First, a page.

Jump to Main Content
On hybrid electroosmotic kinetics for field‐effect‐reconfigurable nanoparticle trapping in a four‐terminal spiral microelectrode array
- Ren, Yukun, Song, Chunlei, Liu, Weiyu, Jiang, Tianyi, Song, Jingni, Wu, Qisheng, Jiang, Hongyuan
- Electrophoresis 2019 v.40 no.6 pp. 979-992
- electric potential difference, electrodes, electrolytes, electroosmosis, electrophoresis, fluorescence, hydrodynamics, nanoparticles, polystyrenes, trapping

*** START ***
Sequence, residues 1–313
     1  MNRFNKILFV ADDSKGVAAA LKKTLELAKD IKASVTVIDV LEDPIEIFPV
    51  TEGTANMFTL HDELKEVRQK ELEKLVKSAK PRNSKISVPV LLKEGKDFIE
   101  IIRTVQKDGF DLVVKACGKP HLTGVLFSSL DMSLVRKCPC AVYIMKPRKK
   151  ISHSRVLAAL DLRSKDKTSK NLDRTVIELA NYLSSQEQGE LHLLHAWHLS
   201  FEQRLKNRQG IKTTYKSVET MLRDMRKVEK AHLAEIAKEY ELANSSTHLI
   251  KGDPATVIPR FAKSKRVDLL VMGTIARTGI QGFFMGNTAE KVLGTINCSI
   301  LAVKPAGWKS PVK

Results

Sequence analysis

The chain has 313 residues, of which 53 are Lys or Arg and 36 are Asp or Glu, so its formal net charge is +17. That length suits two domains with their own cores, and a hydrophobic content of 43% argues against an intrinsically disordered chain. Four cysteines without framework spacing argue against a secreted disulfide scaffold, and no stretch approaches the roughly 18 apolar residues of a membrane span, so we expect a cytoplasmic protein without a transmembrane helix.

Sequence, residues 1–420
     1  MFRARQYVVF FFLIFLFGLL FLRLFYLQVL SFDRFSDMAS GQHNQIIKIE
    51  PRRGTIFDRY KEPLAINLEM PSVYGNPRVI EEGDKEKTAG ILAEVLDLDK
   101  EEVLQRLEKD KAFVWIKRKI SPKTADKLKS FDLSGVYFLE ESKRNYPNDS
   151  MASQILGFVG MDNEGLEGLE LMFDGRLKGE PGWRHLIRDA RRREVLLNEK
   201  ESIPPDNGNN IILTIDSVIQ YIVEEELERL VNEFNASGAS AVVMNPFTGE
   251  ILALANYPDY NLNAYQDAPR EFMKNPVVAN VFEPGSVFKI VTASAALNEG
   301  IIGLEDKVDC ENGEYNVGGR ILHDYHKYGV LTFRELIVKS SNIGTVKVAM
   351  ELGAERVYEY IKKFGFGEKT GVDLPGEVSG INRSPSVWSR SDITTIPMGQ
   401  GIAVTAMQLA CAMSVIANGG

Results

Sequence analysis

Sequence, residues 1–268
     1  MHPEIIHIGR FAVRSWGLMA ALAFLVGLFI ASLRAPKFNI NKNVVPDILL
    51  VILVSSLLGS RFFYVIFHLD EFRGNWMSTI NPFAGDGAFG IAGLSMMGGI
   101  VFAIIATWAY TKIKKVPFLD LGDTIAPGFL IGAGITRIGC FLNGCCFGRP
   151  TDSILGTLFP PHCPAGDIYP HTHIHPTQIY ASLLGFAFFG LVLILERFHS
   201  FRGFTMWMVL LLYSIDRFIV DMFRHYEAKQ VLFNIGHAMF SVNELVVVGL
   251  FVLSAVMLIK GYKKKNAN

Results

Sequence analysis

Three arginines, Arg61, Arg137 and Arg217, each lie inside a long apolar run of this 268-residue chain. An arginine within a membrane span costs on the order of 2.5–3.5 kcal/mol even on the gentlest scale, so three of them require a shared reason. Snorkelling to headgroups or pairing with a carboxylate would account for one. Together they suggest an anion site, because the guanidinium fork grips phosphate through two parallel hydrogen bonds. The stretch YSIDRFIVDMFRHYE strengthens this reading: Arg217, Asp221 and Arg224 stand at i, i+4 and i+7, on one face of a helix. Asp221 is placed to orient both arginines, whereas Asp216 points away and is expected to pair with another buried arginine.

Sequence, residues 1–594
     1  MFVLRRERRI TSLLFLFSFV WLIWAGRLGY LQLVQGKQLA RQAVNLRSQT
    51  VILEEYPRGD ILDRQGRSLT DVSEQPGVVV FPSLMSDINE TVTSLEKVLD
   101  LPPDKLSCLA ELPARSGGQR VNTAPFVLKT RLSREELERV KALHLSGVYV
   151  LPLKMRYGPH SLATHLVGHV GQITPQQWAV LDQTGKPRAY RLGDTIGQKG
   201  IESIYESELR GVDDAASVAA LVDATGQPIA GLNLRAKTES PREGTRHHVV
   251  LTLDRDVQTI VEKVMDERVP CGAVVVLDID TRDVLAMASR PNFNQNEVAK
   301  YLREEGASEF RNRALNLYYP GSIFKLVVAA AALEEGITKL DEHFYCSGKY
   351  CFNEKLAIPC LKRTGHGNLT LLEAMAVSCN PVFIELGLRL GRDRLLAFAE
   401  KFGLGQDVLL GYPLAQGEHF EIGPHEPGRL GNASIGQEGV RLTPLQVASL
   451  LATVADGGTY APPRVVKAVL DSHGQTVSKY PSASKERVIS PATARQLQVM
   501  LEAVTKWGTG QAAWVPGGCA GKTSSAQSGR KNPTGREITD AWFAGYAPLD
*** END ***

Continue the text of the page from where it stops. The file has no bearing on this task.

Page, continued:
- Induced‐charge electroosmosis (ICEO) has attracted tremendous popularity for driving fluid motion from the microfluidic community since the last decade, while less attention has been paid to ICEO‐based nanoparticle manipulation. We propose herein a unique concept of hybrid electroosmotic kinetics (HEK) in terms of bi‐phase ICEO (BICEO) actuated in a four‐terminal spiral electrode array, for effective electrokinetic enrichment of fluorescent polystyrene nanoparticles on ideally polarizable metal strips. First, by alternating the applied AC voltage waves between consecutive discrete terminals, the flow stagnation lines where the sample nanoparticles aggregate can be switched in time between two different distribution modes. Second, we innovatively introduce the idea of AC field‐effect flow control on BICEO; by altering the combination of gating voltage sequence, not only the number of circulative particle trapping lines is doubled, but the collecting locations can be flexibly reconfigured as well. Third, hydrodynamic streaming of DC‐biased BICEO is tested in our device design, wherein the global linear electroosmosis dominates BICEO contributed from both AC and DC components, resulting in a reduction of particle enrichment area, while with a sharp increase in sample transport speed inside the bulk phase. The flow field associated with HEK is predicted using a linear asymptotic analysis under Debye–Huckel limit, with the simulation results in qualitative agreement with in‐lab observations of nanoparticle trapping by exploiting a series of improved ICEO techniques. This work provides an affordable and field‐deployable platform for real‐time nanoparticle trapping in the context of dilute electrolyte.